Once Upon A Tomato


Tomato Seeds

If seeds could talk, I wonder what tales they would tell.

I’m sure they would recite their perfect equation of soil, light, and water for their optimum germination. They wouldn’t even wait for us to ask. They would just offer that info up at the start of the conversation. Seeds are funny that way.

I wonder, though, if they would be willing to share with us their story? That perhaps their great-great-great-great grandfather hitched a ride on Paul Revere’s coat on his famous midnight ride? Or that they, in fact, escaped from a research lab looking to build a better seed?

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Whiling Away A Winter’s Day


Oak Leaf In Snow

What to do?  It’s an early January day, one of those odd ones that’s wedged between cold fronts.  On Long Island, that means it sort of feels like March, and there is an urge to bundle up and start spring cleaning — while the inner voice says, “Don’t be too quick.  This is just a winter lull, and there will be icy temperatures at any moment.”

As if to serve as a reminder, there are the remnants of last night’s flurries (above) and autumn leaves encased in ice on top of the pool cover (below).

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What Not To Tell The Kids


I’m the first to admit it.  There’s a lot about gardening that I don’t know – so much so that I can’t even pretend.  What I do know, I have been able to gather from books, conversations, television shows, and, now, from fellow garden bloggers and reader comments.

None of this, though, is enough to stop me from the seasonal shake of my head when I pass some gardens and non-gardens and wonder, “What were they thinking — or not thinking, as the case may be?”  And once that ball gets rolling, my list of garden pet peeves gets longer and I can’t help but imagine the conversations that might be happening.

“Mommy, where does mulch come from?”

“Well, dear, deep in the center of the earth there is a hot core of molten mulch.  And each spring, as the air gets warmer, the molten mulch moves toward the surface – usually around the base of trees because their roots have punctured the mulch bubble.  Then, mulch pours from the ground around the tree, piling up higher and higher as it cools.”

So that would explain it – because I can’t think of any other reason to explain the appearance of cone-shaped mulch volcanoes that pop up each spring on residential and commercial properties alike.

I have always been of the mindset that mulch is good.  It’s decorative and practical, as it helps to keep roots cool in summer and warm in winter, as well as limiting weed growth and aiding in the soil’s moisture retention – but too much of a good thing can be bad.  Mulch that is too deep can have a negative effect on a tree’s bark and root functioning, and, therefore, on its overall health. 

Grab your rakes, America.  It’s time to save countless gardens and yards from these devastating mulch flows.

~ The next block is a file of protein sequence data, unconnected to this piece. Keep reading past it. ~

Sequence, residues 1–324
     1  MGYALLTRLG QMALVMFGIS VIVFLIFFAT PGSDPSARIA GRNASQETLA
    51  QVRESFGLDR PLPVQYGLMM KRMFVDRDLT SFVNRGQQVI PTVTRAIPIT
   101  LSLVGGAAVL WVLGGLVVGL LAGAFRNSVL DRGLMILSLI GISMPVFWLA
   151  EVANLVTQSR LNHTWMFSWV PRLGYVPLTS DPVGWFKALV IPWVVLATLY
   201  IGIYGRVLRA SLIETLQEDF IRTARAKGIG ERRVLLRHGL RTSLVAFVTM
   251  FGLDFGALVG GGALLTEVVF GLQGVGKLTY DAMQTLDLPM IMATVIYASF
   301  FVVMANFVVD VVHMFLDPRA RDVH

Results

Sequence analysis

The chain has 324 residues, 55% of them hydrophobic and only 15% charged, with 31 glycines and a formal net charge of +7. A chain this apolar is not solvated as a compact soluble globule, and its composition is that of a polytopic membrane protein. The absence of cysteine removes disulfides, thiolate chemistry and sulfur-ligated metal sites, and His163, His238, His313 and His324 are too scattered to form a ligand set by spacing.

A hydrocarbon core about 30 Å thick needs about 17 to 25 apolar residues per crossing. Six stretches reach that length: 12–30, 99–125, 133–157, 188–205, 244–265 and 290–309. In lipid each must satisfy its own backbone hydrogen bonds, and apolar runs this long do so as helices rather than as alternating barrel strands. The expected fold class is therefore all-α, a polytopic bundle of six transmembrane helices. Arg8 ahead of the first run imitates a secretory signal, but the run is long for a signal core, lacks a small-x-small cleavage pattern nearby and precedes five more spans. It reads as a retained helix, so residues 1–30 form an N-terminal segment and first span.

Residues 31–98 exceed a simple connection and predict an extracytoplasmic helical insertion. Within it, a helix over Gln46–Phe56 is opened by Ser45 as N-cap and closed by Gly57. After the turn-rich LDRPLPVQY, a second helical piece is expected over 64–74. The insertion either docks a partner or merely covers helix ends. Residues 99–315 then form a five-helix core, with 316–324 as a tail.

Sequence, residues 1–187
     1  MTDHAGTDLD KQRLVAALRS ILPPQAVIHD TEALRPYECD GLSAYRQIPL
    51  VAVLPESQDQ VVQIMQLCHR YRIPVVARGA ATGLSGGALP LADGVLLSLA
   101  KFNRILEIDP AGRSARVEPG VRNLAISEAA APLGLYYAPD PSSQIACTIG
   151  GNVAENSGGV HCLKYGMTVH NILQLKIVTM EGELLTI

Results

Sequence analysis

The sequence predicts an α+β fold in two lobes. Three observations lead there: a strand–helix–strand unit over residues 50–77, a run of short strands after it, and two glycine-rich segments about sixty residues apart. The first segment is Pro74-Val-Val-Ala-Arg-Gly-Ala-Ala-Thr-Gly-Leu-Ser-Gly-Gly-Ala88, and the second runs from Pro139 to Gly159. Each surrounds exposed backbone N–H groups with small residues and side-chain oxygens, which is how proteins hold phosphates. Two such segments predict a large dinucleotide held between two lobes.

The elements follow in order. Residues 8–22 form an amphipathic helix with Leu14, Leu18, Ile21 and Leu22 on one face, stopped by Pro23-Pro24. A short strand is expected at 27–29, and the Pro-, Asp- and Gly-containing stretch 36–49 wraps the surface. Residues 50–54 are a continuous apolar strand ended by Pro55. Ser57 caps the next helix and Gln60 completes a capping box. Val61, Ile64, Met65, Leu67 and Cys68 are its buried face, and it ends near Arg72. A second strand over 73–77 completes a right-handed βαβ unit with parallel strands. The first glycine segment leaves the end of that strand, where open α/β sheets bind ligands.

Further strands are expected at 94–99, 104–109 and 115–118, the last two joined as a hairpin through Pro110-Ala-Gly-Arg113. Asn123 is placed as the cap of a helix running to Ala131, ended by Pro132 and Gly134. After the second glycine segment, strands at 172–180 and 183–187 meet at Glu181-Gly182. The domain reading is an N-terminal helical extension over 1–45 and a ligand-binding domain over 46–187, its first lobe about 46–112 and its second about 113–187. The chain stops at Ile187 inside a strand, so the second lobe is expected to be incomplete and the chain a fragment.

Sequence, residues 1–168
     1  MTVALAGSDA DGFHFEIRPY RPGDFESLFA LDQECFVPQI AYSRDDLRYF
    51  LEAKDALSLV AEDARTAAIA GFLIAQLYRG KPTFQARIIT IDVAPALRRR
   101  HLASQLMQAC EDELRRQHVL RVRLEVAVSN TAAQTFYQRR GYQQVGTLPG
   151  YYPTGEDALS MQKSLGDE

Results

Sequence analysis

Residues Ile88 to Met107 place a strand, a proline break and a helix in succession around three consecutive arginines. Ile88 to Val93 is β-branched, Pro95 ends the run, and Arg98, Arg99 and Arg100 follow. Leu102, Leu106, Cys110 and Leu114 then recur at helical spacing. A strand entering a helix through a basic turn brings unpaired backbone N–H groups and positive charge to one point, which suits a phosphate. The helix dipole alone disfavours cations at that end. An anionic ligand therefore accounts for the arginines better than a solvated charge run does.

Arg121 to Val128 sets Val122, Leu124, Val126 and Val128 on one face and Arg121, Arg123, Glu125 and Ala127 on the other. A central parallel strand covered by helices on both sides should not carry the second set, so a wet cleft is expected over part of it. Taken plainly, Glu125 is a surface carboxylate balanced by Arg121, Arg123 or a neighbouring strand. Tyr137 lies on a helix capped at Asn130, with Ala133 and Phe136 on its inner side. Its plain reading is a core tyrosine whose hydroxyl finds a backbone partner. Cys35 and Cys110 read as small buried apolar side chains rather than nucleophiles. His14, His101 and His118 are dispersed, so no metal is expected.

“Daddy, where does seedless watermelon come from?”

“Well, honey, um. . . . .”

Exactly.

When did “seed” become an ugly word?  The seeds are part of the fun that comes from eating a watermelon – that’s why spitting was invented.  The rest of the fun comes from the rich color and the sweet juice that I remember dribbling down my chin and onto my t-shirt.

Seedless is even used as part of the advertisement.  It says, “See how convenient I am.  No seeds here to take up your time.”  Now we have a generation that actually thinks seedless is a good thing. 

Maybe it’s me.  Maybe I just haven’t been fortunate enough to actually eat a delicious seedless watermelon – and I’m done trying.  Each time I sample some, I feel as if something is missing – more than just seeds.  When I finish eating a slice and look at my seedless plate, I start missing the way watermelon used to be – and, for that matter, how so many other things used to be.

Yes, in our quest to go seedless, we have lost something.  Color.  Flavor.  And a childhood memory.

Where, oh where, has my watermelon gone?  Oh, where, oh where can it be?

“Mommy, why are our flowers melting?”

“Not now, sweetheart.  Just eat your seedless watermelon so we can go watch daddy and his mulch volcano.”

If I remember my high school biology, plastic is not organic and so it cannot reproduce – and yet, more and more plastic flowers are appearing in gardens, window boxes, and flower pot displays.  Even the anole in the above photo looks perplexed — or at least as perplexed as an anole can look.  In fact, I have even turned it into a bit of a game – I spy. . . plastic tulips in the privet hedge.

Is there ever a good excuse for using plastic flowers in the landscape?  Maybe it has to do with conserving water – you know, using plastic for greener living.  Or, maybe it has to do with finding the perfect flower strong enough to withstand summer’s heat and/or winter’s cold – but at some point, even plastic daffodils need a rest.